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It’s time for health systems to build on their tech foundation and strive for interoperability, analytics and engagement.
Health systems and healthcare providers face uncertainty and great promise. Licensed from malija - Fotolia.
With the maturation of the U.S. electronic health record (EHR) market, health systems are approaching another crossroads, according to HIMSS Analytics: How will the market grow on top of this digital foundation? And what will come of efforts regarding patient engagement, prescriptive analytics and EHR integrations designed to achieve interoperability?
The answers to these questions aren’t obvious. That’s especially true given the shifting state of the healthcare business, which has recently resulted in many mergers and acquisitions. New entrants from Silicon Valley and even Wall Street, meanwhile, will bring further change to providers and health systems, said Blain Newton, executive vice president of HIMSS Analytics, in a conference call yesterday.
What’s clear is that EHR adoption in American hospitals is almost universal, but connectivity remains deficient. HIMSS data suggest that healthcare executives want interoperability; the problem is a technical one, and mergers and acquisitions further complicate the issue.
“So, you may never get to a point where you can easily just put everyone on Cerner or Epic or whatever the case may be,” Newton said, describing the headaches of specialized EHRs and disparate systems from merging hospitals. “From a tech perspective, interoperability is always going to be a challenge.”
Although interoperability might be the most pressing challenge facing healthcare, it is not the only one.
Healthcare mergers have been on the rise for the past four or five years but have begun to accelerate even more, Newton said.
Just look at one of the largest unions from the past year: Dignity Health and Catholic Health Initiatives are joining forces, with a footprint that spans 28 states, 700 care facilities and 139 hospitals.
What’s the reason for the M&A trend? HIMSS Analytics found that midsized health systems, with five to 10 hospitals, are buying up competitors at the fastest rate. That’s because it’s difficult to succeed at smaller levels, meaning midsized health systems must grow to survive and thrive, Newton said.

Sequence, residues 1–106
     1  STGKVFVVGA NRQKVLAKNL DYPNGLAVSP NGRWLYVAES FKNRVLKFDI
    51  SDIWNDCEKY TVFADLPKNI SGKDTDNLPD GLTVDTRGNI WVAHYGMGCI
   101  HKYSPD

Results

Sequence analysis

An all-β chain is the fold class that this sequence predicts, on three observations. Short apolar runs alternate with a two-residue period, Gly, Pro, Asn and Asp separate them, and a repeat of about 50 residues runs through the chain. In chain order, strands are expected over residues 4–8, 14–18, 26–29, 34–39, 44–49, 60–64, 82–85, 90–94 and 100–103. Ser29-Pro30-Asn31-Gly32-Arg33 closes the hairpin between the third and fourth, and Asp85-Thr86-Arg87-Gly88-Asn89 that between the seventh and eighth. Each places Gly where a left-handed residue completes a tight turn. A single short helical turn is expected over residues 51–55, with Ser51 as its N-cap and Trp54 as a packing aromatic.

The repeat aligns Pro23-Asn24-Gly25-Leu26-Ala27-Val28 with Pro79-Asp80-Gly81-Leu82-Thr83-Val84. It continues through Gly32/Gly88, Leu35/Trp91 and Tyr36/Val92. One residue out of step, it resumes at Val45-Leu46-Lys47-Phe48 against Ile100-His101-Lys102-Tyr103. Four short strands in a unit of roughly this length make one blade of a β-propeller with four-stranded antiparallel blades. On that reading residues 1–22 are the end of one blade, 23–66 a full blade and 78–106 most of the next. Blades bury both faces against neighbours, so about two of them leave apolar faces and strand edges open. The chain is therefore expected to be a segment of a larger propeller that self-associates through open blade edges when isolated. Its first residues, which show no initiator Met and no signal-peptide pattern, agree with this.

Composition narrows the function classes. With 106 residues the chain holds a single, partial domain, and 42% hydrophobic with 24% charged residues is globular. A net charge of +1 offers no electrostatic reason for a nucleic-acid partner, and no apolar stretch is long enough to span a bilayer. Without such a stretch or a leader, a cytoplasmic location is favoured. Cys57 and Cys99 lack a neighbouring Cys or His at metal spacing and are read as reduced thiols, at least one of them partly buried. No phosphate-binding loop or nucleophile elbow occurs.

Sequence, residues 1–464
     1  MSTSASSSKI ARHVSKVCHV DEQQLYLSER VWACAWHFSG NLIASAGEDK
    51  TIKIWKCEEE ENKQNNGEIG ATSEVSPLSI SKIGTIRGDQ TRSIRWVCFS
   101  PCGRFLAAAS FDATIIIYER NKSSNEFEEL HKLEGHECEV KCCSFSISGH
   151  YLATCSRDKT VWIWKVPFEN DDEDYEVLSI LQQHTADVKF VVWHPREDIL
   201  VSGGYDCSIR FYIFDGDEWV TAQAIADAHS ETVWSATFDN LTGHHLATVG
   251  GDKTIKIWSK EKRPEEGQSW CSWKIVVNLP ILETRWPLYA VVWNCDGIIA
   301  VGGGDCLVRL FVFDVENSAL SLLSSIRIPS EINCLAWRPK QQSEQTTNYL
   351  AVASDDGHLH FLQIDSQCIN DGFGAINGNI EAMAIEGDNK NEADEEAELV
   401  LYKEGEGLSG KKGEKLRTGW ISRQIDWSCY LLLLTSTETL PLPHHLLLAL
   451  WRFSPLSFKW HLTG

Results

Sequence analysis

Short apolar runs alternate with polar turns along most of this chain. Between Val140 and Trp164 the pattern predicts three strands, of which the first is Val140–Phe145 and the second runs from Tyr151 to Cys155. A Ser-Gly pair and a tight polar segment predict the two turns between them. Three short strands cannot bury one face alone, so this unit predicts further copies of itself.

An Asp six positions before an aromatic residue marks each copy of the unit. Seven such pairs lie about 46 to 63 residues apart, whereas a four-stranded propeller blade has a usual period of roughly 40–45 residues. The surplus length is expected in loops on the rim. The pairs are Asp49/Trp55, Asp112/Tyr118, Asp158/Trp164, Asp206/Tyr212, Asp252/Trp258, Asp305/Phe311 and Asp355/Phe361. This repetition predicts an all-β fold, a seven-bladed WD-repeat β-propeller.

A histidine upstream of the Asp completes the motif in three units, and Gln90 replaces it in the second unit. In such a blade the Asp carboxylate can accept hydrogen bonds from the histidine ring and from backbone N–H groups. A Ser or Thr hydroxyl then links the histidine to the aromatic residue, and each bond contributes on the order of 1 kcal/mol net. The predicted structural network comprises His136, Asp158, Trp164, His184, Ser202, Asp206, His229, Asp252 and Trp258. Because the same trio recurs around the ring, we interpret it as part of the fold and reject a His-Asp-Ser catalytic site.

About eight years ago, he knew a healthcare leader who claimed that health systems must have at least $1 billion in net patient revenue — maybe $2 billion — to innovate and expand. Nowadays, the benchmark is anywhere from $4 billion to $8 billion, Newton said. Throw in high-tech efforts to control the patient population, the move toward value-based care and declining reimbursement models, and the landscape is even more challenging.
So, what do more M&As mean for interoperability, the next goal of many healthcare organizations?
“We don’t yet know what this trend will do,” Newton said, “but it will certainly consolidate the EMR space.”
And it will make an already-daunting task even more challenging for providers.
New entrants to the healthcare market also pose challenges for health systems and other providers.
For instance, Amazon, JPMorgan and Berkshire Hathaway rattled the industry earlier this year when they formed a powerhouse trio geared toward tackling a still-unclear corner of healthcare. What we know is that the companies want to use the partnership to somehow provide for their employees’ healthcare needs.
That idea prodded HIMSS Analytics to examine the locations of Amazon distribution centers and those communities’ healthcare delivery networks. Many are served by the Hospital Corporation of America and Mercy Health, though roughly half rely on one- to four-hospital health systems, Newton said.
The question is, then, how will powerful outside companies affect healthcare in such markets? The Amazon-JPMorgan-Berkshire move and others that come down the pike could apply pressure to small systems and spur even more acquisitions, Newton noted.